18 May, 12:24
The news today that Ronan O'Gara's long and distinguished playing time is over, brings to a close what was by any standards, a remarkable career.
The Requiem Mass this afternoon drew an attendance that spilled out onto the sun-bathed churchyard and it included those from every walk of life. The world of politics was represented by Martin McAleese, husband of President Mary, and a flatmate of Keane's in their student days and by TD Charlie Flanagan.
IRFU President Caleb Powell, Chief Executive Philip Browne, Munster Branch President Cyril Fitzgerald, former Ireland captain and coach Ciaran Fitzgerald, the man who captained Ireland when Keane made his Ireland debut Willie John McBride, other former Ireland captains, Noel Murphy, Willie Duggan, Donal Lenihan, Phillip Matthews, Philip Danaher and Michael Bradley, headed up a host of rugby personalities including the Spring brothers Dick and Donal, and others from that famous Munster '78 side, Pat Whelan, Donal Caniffe and Gerry Hurley with Christy Cantillon who was making the journey from his Cork home for the second time in two days.
Edmund Van Esbeck and Tony Ward arrived in the company of John Redmond with the Fourth Estate further represented by Goal's John O'Shea, Kieran Rooney, Sean Diffley and RTE Rugby commentator Michael Corcoran.
Just as a big a crowd assembled last night to pay their respects,at Mahers Chapel of Rest whose attendance included Graham Mourie, Bill Beaumont, Connacht coach Eric Elwood, Anthony Foley and Paul O'Connell.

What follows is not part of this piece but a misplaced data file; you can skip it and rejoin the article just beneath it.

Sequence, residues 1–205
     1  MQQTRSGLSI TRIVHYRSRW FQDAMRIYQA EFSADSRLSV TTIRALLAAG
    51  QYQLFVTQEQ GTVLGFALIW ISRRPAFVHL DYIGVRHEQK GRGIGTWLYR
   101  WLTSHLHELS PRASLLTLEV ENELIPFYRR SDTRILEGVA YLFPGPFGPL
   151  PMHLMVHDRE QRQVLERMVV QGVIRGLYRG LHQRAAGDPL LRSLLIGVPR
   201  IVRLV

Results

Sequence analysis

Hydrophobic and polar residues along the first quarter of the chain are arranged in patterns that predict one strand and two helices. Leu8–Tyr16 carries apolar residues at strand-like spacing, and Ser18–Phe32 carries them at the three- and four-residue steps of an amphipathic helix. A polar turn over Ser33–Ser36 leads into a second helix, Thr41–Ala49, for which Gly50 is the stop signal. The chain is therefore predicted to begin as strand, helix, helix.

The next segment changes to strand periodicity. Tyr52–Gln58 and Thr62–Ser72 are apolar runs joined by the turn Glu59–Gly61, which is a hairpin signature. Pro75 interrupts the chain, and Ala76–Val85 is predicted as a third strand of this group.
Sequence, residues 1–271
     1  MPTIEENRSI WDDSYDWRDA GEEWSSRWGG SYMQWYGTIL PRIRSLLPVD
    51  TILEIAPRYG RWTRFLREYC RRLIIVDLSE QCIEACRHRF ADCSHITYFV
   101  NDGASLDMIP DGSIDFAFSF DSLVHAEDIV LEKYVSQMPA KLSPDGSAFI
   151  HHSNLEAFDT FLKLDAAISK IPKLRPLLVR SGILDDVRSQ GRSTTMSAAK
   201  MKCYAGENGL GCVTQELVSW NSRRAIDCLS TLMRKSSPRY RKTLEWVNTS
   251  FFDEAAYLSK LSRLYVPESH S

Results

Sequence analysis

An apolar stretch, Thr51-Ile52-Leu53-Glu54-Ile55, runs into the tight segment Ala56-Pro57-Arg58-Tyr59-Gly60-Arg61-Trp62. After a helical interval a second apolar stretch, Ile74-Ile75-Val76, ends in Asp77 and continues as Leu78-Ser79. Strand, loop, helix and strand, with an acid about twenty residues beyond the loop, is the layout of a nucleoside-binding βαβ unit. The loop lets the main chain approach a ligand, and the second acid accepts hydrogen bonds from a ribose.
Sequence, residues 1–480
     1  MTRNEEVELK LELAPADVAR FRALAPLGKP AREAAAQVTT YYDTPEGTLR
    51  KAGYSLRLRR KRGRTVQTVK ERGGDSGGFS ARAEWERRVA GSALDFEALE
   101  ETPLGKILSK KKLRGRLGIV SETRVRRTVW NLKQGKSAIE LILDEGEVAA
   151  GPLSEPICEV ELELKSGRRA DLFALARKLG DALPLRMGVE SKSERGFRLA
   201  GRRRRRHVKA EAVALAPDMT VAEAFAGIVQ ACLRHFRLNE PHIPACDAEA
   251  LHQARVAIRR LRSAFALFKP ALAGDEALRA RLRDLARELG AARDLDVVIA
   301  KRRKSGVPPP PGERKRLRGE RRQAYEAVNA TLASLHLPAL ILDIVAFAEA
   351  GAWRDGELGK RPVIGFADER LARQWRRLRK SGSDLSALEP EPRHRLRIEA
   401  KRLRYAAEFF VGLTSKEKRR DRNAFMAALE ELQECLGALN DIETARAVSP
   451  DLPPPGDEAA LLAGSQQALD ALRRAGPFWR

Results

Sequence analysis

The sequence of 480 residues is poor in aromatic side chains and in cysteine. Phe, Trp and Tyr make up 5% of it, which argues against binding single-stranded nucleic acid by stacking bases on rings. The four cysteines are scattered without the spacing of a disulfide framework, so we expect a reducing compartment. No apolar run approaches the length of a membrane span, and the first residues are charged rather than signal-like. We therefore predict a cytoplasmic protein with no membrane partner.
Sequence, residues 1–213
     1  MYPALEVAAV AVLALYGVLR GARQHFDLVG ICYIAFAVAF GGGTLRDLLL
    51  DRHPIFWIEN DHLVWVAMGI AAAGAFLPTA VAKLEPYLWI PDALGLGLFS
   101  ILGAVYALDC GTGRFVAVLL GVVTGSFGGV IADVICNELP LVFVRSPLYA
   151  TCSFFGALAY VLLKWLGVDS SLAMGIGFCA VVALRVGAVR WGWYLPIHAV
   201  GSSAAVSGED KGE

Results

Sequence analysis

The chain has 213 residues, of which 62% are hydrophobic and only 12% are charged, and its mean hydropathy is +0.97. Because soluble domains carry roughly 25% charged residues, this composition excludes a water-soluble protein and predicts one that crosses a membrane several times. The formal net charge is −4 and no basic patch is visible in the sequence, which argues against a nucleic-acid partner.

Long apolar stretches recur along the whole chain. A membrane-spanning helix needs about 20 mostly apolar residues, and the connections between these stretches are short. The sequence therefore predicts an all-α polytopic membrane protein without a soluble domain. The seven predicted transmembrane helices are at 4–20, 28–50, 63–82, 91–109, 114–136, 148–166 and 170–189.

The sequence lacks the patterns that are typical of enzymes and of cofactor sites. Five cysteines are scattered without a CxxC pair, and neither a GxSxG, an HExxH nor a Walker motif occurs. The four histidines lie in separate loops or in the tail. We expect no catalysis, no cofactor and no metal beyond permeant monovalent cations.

Among those who attended the removal ceremony afterwards in St Michael's Church were Keane's former Munster and Irish teammates, Duggan, Whelan, Canniffe, Tom Kiernan, Olan Kelleher, Brendan Foley, the Springs, Alan Duggan, Tony Ensor, Fergus Slattery, Keith Wood, Mike Gibson, Munster Rugby Chief Executive Garrett Fitzgerald and Ireland coach Declan Kidney with his team manager Paul McNaughton.
In attendance on both nights was Keane's fellow Currowman Mick Galwey who as he proudly states, inherited his Munster jersey from the man he worshiped.
"We were neighbours. We were friends," Galwey said. "He was my hero growing up. And dy'know they say you should never meet your heroes. And they may be right. Unless your hero was Moss Keane."
"There's been loads written in the papers There'll be lots more." Galwey continued. " And sometimes, on occasions like this, you'd be reading it, and in all honesty like, wondering, are they talking about the same fella y'knew.
"But I can honestly say every word that's been been written or spoken about Moss Keane over the past few days has been 100% correct.
"He was an enormous character in every sense. A person you could look up to. A leader on the field in whatever jersey he wore, be it Munster, Ireland, the Lions, Lansdowne.
"And off the field ? A solid gentleman.
Yes, we are the poorer for his passing. This is a sad day. But I firmly believe our lives have been enriched having known Moss Keane. If he hadn't being made, you couldn't invent him."
And Galwey concluded. "Our loss however is nothing compared to his family's and our thoughts this night are with his wife Anne, daughters Sarah and Anne-Marie, his brothers and extended family."
And perhaps the last words, Moss's own, as penned by Billy Keane in Rucks Mauls and Gaelic Football,
"I'd like to think that success never went to my head, and that if someone, somewhere, was asked they might say "
"Moss Keane ? Ah sure, he did his best."
You did that Moss and then some.